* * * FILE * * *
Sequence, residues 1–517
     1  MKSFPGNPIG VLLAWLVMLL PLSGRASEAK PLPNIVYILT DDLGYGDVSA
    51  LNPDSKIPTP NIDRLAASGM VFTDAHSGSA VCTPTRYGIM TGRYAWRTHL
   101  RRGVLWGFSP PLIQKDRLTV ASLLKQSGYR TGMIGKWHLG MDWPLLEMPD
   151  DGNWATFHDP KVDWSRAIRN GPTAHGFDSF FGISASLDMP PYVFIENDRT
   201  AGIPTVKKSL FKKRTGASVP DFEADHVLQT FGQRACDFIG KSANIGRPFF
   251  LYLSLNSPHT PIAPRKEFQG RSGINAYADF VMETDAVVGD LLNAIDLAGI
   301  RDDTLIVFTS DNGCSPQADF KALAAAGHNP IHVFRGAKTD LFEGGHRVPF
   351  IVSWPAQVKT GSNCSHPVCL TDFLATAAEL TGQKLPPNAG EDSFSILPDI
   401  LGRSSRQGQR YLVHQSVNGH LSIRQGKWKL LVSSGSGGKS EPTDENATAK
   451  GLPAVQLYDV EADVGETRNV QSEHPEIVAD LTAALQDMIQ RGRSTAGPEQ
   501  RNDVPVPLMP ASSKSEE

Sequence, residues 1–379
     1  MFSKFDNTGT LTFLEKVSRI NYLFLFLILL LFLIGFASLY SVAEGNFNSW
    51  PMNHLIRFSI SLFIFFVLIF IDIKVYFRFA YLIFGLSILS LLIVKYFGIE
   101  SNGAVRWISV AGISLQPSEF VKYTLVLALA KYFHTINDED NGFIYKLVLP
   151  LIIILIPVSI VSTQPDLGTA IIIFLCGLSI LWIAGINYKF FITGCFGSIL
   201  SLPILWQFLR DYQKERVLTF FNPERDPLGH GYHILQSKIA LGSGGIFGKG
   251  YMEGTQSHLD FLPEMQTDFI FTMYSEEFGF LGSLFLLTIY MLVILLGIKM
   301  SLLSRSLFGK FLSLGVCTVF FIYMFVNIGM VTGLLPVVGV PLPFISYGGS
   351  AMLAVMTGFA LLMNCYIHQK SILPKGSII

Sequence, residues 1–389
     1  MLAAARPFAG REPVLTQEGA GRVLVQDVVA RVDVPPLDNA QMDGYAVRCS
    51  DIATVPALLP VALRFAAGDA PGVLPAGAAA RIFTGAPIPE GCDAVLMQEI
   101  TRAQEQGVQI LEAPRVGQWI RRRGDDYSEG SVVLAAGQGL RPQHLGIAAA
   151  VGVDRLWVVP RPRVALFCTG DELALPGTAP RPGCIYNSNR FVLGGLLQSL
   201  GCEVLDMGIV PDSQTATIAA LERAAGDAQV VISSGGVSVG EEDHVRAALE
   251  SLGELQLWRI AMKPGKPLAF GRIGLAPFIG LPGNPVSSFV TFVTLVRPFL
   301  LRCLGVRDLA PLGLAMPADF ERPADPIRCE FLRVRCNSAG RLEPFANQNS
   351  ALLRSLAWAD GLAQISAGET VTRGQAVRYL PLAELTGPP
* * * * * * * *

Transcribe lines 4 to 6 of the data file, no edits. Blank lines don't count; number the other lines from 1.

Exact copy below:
   101  RRGVLWGFSP PLIQKDRLTV ASLLKQSGYR TGMIGKWHLG MDWPLLEMPD
   151  DGNWATFHDP KVDWSRAIRN GPTAHGFDSF FGISASLDMP PYVFIENDRT
   201  AGIPTVKKSL FKKRTGASVP DFEADHVLQT FGQRACDFIG KSANIGRPFF